what is called bisexual reproduction in plants explain with examples.
Asked by | 8th Nov, 2012, 06:29: PM
Bisexual flowers have both male (androecium) and female (gynoecium) reproductive units. These flowers are also called androgynous or hermaphroditic. Examples of plants with perfect or bisexual flowers include the lily, rose, and most plants with large showy flowers
Many plants are self-fertile and the male parts can pollinate the female parts of the same flower and/or same plant. Some plants use a method known as self-incompatibility to promote outcrossing. Here, the male organs cannot fertilize the female parts of the same plant; other plants produce male and female flowers at different times to promote outcrossing.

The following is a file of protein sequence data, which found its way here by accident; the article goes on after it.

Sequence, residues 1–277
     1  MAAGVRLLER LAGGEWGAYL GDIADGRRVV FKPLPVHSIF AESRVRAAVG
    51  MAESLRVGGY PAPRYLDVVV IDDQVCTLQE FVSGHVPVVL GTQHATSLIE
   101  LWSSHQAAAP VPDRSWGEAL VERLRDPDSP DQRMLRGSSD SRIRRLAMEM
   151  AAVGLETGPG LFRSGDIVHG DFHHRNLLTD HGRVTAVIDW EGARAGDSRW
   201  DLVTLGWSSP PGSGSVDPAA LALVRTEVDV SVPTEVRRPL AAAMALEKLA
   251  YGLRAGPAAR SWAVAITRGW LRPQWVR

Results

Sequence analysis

Dichogamy is common in flowering plants, and occurs when bisexual (perfect) flowers produce pollen when the stigmas of the same flower are not receptive of the pollen. This promotes outcrossing by limiting self-pollination. These plants are called dichogamous.
Some plants have bisexual flowers but the pollen is produced before the stigma of the same flower is receptive of pollen, these are described as protandrous flowers.
In a similar way, protogyny describes flowers that have stigmas that can accept pollen before the same flower or plant sheds its pollen.
Answered by | 9th Nov, 2012, 09:22: AM
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